William Crookes

Highly distinguished physicist and chemist. Discovered the element thallium. Elected fellow of the Royal Society in 1863, Royal Gold Medal 1875, Davy Medal 1888, Sir Joseph Copley Medal 1904, knighted in 1897 and the Order of Merit in 1910. Invented the radiometer, developed the Crookes tube, invented the cathode-ray tube, pioneered research into radiation effects, contributed to photography, wireless telegraphy, electricity and spectroscopy. President at different times of the Royal Society, the Chemical Society, the Institution of Electrical Engineers, the Society of Chemical Industry, the Society for Psychical Research (from 1896-1899) and the British Association. Founder of the Chemical News, editor of Quarterly Journal of Science.

Researches into the Phenomena of Modern Spiritualism

Psychic Force and Modern Spiritualism

 - William Crookes -

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First published in the "Quarterly Journal of Science", January 1874

A Reply to the "Quarterly Review"

          IN PRESENTING this article to the public, let me take the opportunity of explaining the exact position which I wish to occupy in respect to the subject of Psychic Force and Modern Spiritualism. I have desired to examine the phenomena from a point of view as strictly physical as their nature will permit. I wish to ascertain the laws governing the appearance of very remarkable phenomena which at the present time are occurring to an almost incredible extent. That a hitherto unrecognised form of Force - whether it be called psychic force or X force is of little consequence - is involved in this occurrence, is not with me a matter of opinion, but of absolute knowledge; but the nature of that force, or the cause which immediately excites its activity, forms a subject on which I do not at present feel competent to offer an opinion. I wish, at least for the present, to be considered in the position of an electrician at Valentia, examining by means of appropriate testing instruments, certain electrical currents and pulsations passing through the Atlantic cable; independently of their causation, and ignoring whether these phenomena are produced by imperfections lit the testing instruments themselves - whether by earth currents or by faults in the insulation - or whether they are produced by all intelligent operator at the other end of the line.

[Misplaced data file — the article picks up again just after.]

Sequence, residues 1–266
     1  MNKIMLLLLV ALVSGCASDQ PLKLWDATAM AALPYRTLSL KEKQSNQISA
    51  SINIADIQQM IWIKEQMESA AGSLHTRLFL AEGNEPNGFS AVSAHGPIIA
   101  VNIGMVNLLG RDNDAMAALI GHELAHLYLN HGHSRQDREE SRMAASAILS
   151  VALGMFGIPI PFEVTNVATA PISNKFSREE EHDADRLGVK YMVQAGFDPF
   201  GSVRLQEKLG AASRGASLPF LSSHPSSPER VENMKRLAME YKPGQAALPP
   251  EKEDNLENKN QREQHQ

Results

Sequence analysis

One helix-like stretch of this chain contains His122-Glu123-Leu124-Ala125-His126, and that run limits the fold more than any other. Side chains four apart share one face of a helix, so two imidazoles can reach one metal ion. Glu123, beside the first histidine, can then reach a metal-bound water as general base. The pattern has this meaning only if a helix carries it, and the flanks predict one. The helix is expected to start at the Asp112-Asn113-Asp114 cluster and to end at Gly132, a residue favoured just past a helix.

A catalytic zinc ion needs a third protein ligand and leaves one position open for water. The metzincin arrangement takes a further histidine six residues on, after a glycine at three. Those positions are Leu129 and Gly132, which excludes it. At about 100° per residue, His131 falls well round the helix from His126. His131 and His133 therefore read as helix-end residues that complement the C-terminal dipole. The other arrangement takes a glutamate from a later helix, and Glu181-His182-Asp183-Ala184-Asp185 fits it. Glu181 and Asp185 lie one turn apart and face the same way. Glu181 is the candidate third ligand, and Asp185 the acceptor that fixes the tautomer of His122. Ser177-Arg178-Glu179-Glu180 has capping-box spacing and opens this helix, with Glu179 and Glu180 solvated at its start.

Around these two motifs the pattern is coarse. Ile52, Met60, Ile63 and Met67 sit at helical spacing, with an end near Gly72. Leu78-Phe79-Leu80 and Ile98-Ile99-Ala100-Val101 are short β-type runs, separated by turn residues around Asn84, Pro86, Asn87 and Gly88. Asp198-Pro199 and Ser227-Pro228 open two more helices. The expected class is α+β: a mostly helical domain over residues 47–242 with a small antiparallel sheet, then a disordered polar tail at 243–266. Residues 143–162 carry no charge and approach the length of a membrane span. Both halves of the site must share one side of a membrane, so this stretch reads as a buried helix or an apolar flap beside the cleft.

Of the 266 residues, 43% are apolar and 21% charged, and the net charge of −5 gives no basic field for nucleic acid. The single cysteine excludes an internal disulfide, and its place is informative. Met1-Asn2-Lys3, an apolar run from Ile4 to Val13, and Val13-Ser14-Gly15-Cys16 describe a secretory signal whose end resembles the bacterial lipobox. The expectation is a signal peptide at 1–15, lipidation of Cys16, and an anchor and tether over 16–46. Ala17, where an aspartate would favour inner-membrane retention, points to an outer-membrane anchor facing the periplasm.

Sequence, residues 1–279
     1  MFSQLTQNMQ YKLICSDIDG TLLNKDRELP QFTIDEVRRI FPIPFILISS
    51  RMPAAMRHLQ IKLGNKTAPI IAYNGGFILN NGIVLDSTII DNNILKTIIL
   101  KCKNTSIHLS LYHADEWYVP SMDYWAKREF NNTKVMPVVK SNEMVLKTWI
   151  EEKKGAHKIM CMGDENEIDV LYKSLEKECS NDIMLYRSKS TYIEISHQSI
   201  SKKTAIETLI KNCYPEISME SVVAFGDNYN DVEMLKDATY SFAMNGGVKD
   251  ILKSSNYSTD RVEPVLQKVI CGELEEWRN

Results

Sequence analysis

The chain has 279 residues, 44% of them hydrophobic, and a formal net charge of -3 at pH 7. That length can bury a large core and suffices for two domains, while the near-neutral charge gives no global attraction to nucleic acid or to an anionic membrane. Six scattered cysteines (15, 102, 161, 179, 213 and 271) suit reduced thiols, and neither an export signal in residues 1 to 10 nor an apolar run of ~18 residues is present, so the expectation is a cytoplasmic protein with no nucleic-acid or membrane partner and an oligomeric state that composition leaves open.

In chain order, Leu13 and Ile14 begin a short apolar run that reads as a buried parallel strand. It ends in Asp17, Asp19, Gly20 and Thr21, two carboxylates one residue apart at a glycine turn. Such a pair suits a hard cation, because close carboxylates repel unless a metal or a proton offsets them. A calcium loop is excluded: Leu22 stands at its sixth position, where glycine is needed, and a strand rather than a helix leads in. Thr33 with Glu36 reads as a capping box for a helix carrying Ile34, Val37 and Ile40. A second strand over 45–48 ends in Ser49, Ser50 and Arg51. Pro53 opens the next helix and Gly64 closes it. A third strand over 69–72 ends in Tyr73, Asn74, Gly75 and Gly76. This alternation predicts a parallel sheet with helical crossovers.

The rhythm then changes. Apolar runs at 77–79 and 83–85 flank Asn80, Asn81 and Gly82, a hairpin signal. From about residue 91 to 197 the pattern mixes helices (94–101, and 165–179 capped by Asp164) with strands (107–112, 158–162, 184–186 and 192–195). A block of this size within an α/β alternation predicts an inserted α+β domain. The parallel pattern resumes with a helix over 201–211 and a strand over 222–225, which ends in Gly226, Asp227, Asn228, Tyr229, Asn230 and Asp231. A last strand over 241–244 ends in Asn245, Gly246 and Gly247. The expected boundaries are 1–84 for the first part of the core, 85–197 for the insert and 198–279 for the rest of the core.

William Crookes. London, December, 1871.

The Quarterly Review for October contains an article under the title of "Spiritualism and its Recent Converts," in which my investigations and those of other scientific men are severely handled in the spiteful bad old style which formerly characterised this periodical, and which I thought had happily passed away. It has reverted to the unjustifiable fashion of testing truth by the character of individuals. Had the writer contented himself with fair criticism, however sharply administered, I should have taken no public notice of it, but have submitted with the best grace I could. But with reference to myself he has further mis-stated and distorted the aim and nature of my investigations. And written of me personally as confidently as if he had known me from boyhood and was thoroughly acquainted with every circumstance of my educational and scientific career, so that I feel constrained to protest against his manifest unfairness, prejudice and incapacity to deal with the subject and my connection with it. Although other investigators, including Dr. Huggins, Serjeant Cox, Mr. Varley and Lord Lindsay are included in the indictment and found guilty with extenuating circumstances, for me he can feel no tenderness, which, were it not for my recent sins, lie is good enough to observe he "might have otherwise felt for a man who has in his previous career made creditable use of his very limited opportunities." The other offenders who are attacked can well take care of themselves; let me now vindicate myself.